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The Amazing Food Web Needs Help

By Joanna deBear

I became a bird watcher way back in graduate school, when I needed a diversion from all the study and work that was running my life. This fascination has continued (once a birder, always a birder!), and in more recent years, I have become acutely aware of all the connections that exist up and down the food webs around these wonderful creatures.

We have heard recently that bird populations have dropped because of habitat and food loss among many other human-related impacts. Our birds are literally canaries in this coal mine – their loss “is an indicator of a coming collapse of the overall environment”, states a recent study published by Cornell University (

So what can we, at the local level, do to slow or reverse this trend??? The Cornell website has some common-sense ideas (, and two of them align directly with the mission of our Pollinator Pathway:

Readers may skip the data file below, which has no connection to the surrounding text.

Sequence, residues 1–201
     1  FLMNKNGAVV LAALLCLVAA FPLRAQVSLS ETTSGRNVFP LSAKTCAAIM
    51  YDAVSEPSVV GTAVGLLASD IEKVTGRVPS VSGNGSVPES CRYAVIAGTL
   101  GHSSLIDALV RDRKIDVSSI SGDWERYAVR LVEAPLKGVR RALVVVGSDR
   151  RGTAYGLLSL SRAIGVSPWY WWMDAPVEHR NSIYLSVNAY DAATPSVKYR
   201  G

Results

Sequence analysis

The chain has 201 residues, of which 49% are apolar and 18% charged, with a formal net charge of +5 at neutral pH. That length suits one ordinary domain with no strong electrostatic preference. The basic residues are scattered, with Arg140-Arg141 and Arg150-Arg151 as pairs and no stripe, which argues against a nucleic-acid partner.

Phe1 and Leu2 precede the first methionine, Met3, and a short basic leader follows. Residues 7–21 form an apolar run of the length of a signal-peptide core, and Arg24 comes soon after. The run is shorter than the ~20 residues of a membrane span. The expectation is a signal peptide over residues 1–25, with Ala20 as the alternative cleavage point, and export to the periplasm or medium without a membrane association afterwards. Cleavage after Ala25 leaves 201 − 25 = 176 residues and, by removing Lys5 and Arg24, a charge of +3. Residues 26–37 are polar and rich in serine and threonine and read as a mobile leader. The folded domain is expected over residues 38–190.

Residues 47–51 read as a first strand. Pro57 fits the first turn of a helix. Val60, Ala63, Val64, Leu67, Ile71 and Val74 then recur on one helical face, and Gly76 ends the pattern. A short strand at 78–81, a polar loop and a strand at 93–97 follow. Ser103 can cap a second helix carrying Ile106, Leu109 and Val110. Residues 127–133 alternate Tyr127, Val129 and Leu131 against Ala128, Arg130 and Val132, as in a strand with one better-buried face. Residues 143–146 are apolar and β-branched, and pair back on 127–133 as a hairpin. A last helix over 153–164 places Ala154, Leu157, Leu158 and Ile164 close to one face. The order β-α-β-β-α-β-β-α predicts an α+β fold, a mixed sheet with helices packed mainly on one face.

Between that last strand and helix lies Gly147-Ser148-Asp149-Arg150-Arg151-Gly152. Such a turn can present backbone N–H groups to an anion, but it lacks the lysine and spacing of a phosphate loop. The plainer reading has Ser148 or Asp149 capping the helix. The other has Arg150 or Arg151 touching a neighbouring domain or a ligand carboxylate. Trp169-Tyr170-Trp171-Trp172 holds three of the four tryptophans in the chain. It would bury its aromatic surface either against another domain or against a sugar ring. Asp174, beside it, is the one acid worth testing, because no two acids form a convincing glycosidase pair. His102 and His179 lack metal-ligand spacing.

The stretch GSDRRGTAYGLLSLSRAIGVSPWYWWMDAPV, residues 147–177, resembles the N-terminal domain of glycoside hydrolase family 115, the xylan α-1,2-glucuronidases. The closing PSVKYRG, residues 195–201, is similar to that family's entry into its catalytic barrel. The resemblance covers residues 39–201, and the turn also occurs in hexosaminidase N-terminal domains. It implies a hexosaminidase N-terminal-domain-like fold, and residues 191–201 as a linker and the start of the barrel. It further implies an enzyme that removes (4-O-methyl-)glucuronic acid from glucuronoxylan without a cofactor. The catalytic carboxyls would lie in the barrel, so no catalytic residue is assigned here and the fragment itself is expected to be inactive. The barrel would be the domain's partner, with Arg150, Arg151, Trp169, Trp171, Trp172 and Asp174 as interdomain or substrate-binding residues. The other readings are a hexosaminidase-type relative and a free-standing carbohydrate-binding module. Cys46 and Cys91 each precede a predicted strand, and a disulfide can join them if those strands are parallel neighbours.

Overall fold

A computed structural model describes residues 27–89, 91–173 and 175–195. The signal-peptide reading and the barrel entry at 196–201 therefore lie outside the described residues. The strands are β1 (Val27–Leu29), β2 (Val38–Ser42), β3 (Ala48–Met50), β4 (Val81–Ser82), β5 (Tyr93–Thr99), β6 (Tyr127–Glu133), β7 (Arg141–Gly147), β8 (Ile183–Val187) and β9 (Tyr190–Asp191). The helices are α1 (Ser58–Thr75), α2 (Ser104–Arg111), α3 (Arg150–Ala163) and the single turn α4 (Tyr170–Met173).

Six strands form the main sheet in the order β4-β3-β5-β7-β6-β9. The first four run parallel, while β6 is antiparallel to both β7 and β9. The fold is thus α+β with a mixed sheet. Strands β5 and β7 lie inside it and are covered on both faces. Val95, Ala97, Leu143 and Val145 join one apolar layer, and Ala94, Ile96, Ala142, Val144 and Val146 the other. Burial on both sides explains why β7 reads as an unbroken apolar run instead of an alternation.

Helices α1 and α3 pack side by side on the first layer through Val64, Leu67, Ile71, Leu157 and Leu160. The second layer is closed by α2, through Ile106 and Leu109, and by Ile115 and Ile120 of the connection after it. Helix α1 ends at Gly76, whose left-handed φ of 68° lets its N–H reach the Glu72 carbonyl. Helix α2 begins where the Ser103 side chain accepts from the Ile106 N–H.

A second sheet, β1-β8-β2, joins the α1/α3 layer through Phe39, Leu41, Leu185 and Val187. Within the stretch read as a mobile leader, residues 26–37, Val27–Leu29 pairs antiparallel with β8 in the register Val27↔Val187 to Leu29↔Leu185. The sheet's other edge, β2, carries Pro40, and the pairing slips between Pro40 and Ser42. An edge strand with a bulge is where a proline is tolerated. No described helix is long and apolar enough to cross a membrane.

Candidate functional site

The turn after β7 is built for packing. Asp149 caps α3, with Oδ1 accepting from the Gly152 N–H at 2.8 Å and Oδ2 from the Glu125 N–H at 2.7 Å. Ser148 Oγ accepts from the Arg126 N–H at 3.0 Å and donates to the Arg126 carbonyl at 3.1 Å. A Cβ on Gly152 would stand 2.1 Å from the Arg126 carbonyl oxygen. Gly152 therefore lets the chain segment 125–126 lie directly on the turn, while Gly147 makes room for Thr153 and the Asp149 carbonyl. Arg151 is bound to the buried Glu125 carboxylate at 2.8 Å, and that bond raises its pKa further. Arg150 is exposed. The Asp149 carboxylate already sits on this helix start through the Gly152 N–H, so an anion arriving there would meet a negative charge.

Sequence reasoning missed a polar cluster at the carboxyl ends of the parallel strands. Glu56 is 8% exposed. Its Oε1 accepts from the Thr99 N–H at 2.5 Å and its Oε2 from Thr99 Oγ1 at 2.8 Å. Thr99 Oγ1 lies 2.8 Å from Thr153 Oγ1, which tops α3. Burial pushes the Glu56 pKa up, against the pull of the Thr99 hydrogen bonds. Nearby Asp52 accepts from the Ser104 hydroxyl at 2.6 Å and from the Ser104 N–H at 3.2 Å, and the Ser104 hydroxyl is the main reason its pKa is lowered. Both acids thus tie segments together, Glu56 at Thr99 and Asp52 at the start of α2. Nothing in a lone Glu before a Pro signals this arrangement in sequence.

1. Plant natives

2. Avoid pesticides

Planting natives provides food for our avian friends in the form of caterpillars and other similar delicacies as they raise their chicks. There are many good choices out there, and this includes trees (oak, cherry, cedar) and shrubs (choke cherry, buttonbush, winterberry), along with those perennials! Can’t decide which tree or shrub to plant that will support your favorite bird? The Audubon Society has a fantastic tool to help you decide – this is such a cool website! (

Let’s not despair, but take powerful action to help our feathered friends, and ourselves!

If you wondered, where are good places to see birds in Cheshire? There are the places you would expect – Fresh Meadows on Cook Hill Road is good to see flycatcher, sparrows, wood ducks and mallards; Riverbound Sanctuary, an Audubon property, has woodpeckers, warblers and goldfinches (just checking my ebird submissions from years past). There are many other great spots – where there are woods, fields, water….we even saw a bald eagle near Hancock pond!! I know – not Cheshire, but birds don’t see town lines!

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